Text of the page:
I have wondered if it is not pandemic in the Church. I have known several men who told me they left the seminary because of homosexual advances. At the time, I thought "sour grapes". Now, I am not so sure.

It is certainly reasonable to assume that the prohibition on marriage for priests does not attract a wide cross section of society.

Posted by: Warrington Faust at December 12, 2009 1:29 PM

Unfortunately, a few bad apples do tend to slip through the cracks - be it in the Catholic Church or the public school system. Even with extensive background checks this can happen. I think the issue with the Catholic Church was the fact that once leadership knew about guys that were abusing kids they (a)did not turn them over to the authorities and (b)moved them to other churches where they then had access to more children. Perhaps if they had at least been sent to a monastery where no kids were available, fewer children would have been molested. That is the reason why lawsuits where upheld against the church. Imagine if a public school teacher got caught molesting a child and, rather than being turned over to local police, was simply sent to another school. Wouldn't you hold the school system responsible if your child got molested? In fact, I am sure this exact scenario has happened in the past. Once any organization knows that a person who has access to children is abusing their position by hurting kids, it is the responsiblity of that organization to protect children in their care.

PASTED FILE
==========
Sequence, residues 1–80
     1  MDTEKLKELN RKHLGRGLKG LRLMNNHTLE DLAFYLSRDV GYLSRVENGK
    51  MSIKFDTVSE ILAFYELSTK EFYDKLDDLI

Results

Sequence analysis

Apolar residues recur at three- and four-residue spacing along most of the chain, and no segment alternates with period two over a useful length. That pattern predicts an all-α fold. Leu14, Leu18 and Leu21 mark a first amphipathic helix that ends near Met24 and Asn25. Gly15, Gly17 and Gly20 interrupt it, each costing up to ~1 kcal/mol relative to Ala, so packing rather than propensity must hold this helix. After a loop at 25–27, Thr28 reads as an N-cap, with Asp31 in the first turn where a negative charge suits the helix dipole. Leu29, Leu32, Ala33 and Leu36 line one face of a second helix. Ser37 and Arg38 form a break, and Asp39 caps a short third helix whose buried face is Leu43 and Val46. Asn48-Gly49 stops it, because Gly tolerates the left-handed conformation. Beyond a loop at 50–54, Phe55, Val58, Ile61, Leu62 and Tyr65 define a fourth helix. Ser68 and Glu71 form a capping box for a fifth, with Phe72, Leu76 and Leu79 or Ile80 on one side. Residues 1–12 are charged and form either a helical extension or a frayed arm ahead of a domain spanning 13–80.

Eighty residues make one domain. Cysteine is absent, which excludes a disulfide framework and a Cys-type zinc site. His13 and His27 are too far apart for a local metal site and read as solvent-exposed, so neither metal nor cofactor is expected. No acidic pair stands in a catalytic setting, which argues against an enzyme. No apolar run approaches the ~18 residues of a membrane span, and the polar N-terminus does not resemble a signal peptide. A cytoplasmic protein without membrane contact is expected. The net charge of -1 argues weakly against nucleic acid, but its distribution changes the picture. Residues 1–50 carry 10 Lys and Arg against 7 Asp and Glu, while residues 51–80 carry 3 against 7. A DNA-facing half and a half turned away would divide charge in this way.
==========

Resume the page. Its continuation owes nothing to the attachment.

As for Polanski, that is a case of the rich and famous getting away with things that ordinary folks do not. Notice that Michael Jackson - accused of molesting 13-year-old boys - did not go to jail either. It seems that money and a name prevent a person from facing the same justice as Joe and Jane Schmoe, who will surely be spending quite a bit of time on the inside of a jail cell if they choose to take up with a 13-year-old kid - male or female.

Posted by: Tabetha at December 12, 2009 8:48 PM

"Imagine if a public school teacher got caught molesting a child and, rather than being turned over to local police, was simply sent to another school. Wouldn't you hold the school system responsible if your child got molested?"

That happened at my daughter's school, Buckingham, Browne & Nichols, in Cambridge. One of the sports people was caught molesting children. He was given a good recommendation and went to another school. He was caught there and his past became known. The headmaster at BB&N was backed a 1000% percent, and was gone the next year. He was also taken to trial for "misprison of a felony". I think he got "community service".

Posted by: Warrington Faust at December 12, 2009 8:56 PM

He should have been charged wih child endagerment. There is no excuse for sending a known pedophile back into a situation where he or she has access to children. I think he should have been charged with obstruction of justice as well for not turning the guy in.

Posted by: Tabetha at December 13, 2009 12:01 AM